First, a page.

Saturday, 3 March 2012

London Plane Tree (03 MAR 2012)

Leonardo da Vinci (1452-1519) lived in Italy during the Renaissance, a time when scientists were polymaths rather than the specialists we recognise today. They understood that the sciences, mathematics, architecture, engineering, philosophy, literature, art and music were all inseparably linked together. Leonardo himself is reknowned for his paintings and inventions but not many people are aware that he dabbled in botany in his spare time. Manuscripts containing his botanical sketches remain as evidence.

One of his observations referenced the fractal growth pattern of trees :
"Leonardo claimed that each year when the branches of plants have concluded their maturation, when added together, the sum total of their cross-section is equal to the cross-section of the trunk."  Enlarge the thumbnail in this page to see a scan of his sketch ...
... and here's a piece of modern art generated mathematically by following this principle.

Some trees exhibit it better ...

          


...  than others ...

                            


A mathematical model created last year questioned the long-standing theory that the fractal form of trees evolved to allow optimal sap flow and proposed instead that this growth pattern is dictated by wind forces.

My cherry blossom tree demonstrates wind resistance in the summer

Trees are an example of covergent evolution. This is when, through generations, unrelated species find the same solution to their problems. Different plants discovered that by developing trunks, they could reach higher, even shading other plants competing for sunlight. The first plants to evolve in this way were similar to tree ferns (with trunks but without branches) or pines with whorls of radial branches around the length of their trunks with minimal signs of further branching.

The next evolutionary steps for trees in climates where there are clearly defined seasons were that the lower branches grew upwards to form crowns for more exposure to light in sunny months, and the trees lost their leaves in wintery months resulting in reduced surface area to prevent damage by winds and snowfall.


“While human ingenuity may devise various inventions to the same ends, it will never devise anything more beautiful, nor more simple, nor more to the purpose than nature does, because in her inventions nothing is lacking and nothing is superfluous.” Leonardo da Vinci


This is my favourite tree in a public place. I posted photos of it in autumn while its leaves were still intact and last month when it was covered in snow, but here it is on a sunny day at the point where winter turns to spring. Please take a walk with me to the tip of the longest branch on the right and then ...











In autumn I didn't know its name, assuming it was a type of chestnut tree.
Its prickly, green fruit were so hard that they wouldn't break under-foot when I trod on them to check if there was a nut inside.

Now they have turned golden-brown and softened to a multitude of fluffy tufts each carrying a seed.   


I eventually classified it by the markings on its branches.
The London plane (platanus hispanica) is a hybrid of platanus occidentalis (American sycamore) and platanus orientalis. It's more resistant to fungal disease compared to its parent trees and thrives in urban areas as it self-cleanses. Its relatively stiff outer bark sheds as the tree expands, removing residual pollutants with it and producing a mottled effect which inspired the khaki pattern used for military uniforms.


I'll return later in the year to see what its flowers look like. I've read that they're inconspicuous, facilitating wind pollination, as these trees belong to an ancient family which evolved before bees and butterflies. Maybe this also explains its strange branch formation, half-way between a fir tree's and a regular deciduous tree's (as in Leonardo's sketch).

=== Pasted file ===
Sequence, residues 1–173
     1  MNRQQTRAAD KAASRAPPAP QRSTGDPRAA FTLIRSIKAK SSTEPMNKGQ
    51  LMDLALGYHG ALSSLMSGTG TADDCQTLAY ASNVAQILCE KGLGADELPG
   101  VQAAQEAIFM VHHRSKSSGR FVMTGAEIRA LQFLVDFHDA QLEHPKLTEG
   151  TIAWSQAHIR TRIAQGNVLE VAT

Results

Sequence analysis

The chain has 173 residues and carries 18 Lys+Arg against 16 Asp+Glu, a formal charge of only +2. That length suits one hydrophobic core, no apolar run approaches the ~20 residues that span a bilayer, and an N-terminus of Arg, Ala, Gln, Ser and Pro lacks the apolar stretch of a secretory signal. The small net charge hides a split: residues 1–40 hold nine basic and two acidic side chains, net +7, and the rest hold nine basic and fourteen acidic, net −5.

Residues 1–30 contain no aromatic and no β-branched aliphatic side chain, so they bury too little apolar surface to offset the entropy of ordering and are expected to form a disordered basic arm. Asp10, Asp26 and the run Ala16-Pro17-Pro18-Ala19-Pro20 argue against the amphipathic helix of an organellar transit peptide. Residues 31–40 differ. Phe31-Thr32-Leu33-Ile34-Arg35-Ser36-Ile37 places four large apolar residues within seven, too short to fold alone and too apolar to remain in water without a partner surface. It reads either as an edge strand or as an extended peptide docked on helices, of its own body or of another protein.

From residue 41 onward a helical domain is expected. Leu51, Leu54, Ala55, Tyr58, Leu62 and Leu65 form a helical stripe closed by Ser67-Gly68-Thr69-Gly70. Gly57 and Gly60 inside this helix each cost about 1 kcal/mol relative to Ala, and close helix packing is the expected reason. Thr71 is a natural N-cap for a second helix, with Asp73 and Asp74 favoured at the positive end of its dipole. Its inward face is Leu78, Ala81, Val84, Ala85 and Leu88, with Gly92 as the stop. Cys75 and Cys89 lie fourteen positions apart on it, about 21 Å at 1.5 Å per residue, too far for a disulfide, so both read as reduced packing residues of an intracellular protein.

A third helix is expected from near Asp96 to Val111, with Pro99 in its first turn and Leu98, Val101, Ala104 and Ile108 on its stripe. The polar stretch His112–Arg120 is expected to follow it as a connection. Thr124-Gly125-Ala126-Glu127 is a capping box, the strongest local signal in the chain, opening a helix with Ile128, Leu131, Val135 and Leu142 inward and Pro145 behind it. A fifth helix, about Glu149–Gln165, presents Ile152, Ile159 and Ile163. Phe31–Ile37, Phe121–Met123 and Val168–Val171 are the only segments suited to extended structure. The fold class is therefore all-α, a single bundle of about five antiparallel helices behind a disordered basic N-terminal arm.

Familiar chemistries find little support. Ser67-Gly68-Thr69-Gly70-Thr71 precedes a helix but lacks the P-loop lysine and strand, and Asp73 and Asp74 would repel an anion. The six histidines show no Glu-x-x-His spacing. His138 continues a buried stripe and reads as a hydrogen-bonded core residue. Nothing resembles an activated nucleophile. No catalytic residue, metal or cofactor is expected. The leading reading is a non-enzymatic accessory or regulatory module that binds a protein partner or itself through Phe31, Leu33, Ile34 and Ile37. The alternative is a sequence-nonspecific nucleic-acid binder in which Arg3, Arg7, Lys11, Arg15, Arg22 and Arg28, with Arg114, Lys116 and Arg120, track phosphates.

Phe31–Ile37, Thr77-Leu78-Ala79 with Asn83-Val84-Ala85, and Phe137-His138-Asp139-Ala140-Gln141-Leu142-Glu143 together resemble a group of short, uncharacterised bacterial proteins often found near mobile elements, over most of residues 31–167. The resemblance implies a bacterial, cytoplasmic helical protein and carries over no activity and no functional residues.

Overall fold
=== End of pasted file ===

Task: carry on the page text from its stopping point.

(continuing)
He noted that the fractal principle only applies to trees that aren't deformed or haven't been pollarded. Since classifying this tree I've seen several around, they all have symptoms of an irregular (not deformed) shape though they're not as old as the tree above. Maybe he wasn't aware of plane trees ...

I felt uncomfortable publishing this post because it seemed that I had left a loose end, but relaxed after reading these words : 

The elements of mathematics, that is to say number and measure, termed arithmetic and geometry, discourse with supreme truth on discontinuous and continuous quantities. Here no one argues that twice three makes more or less than six, nor that a triangle has angles smaller than two right angles, but with eternal silence, every dissension is destroyed, and in tranquility these sciences are relished by their devotees.
Leonardo da Vinci

I think he's saying that mathematics is just a way to simplify a complex world. Sometimes the rules apply and we can use them to help us learn more; sometimes they don't.


The references that I used for this post can be found by clicking on the blue writing.

Today I'm treading in the footsteps of these tree-bloggers Laura@patiopatch, Donna@gardenwalkgardentalk and Lucy@looseandleafy.

I'll be following this tree through the seasons and linking in with Donna Abel's Seasonal meme.

©Copyright 2012 b-a-g. All rights reserved. Content created by b-a-g for http://experiments-with-plants.blogspot.com/2012/03/london-plane-tree-03-mar-2012.html

27 comments:

Donna@Gardens Eye View said...

It is exciting to have you follow this plane tree through the seasons and to think it is a hybrid of the sycamore here in the states...a fav of mine and quite a wonderful tree...I always learn so much from you!!

Donna@GWGT said...

This was really an informative post. I did not know that it inspired military uniforms, but it is often described as having camouflage bark, which I agree it really looks like it. I also did not know the Plane tree can after the Sycamore. But being around for so long, the Sycamore came before most trees. I love these trees too. Your favorite one is a beauty. I think the Renaissance would have been a remarkable time to be alive. Thanks for mentioning me too on trees. There really is something about them that draws people to them. The world could go on without us, but not go on without trees.

Pam's English Garden said...

Dear b-a-g, Such a very clever posting! You obviously did a lot of research for it. And impressive pictures. I love that quote by da Vinci. P. x

Stacy said...

I really enjoyed the approach, b-a-g, and in more than one way. It's nice to see the tree at a distance and then get closer to see what a fantastic shape it has. Do you have any sense of how old this tree might be?

Croft Gardener said...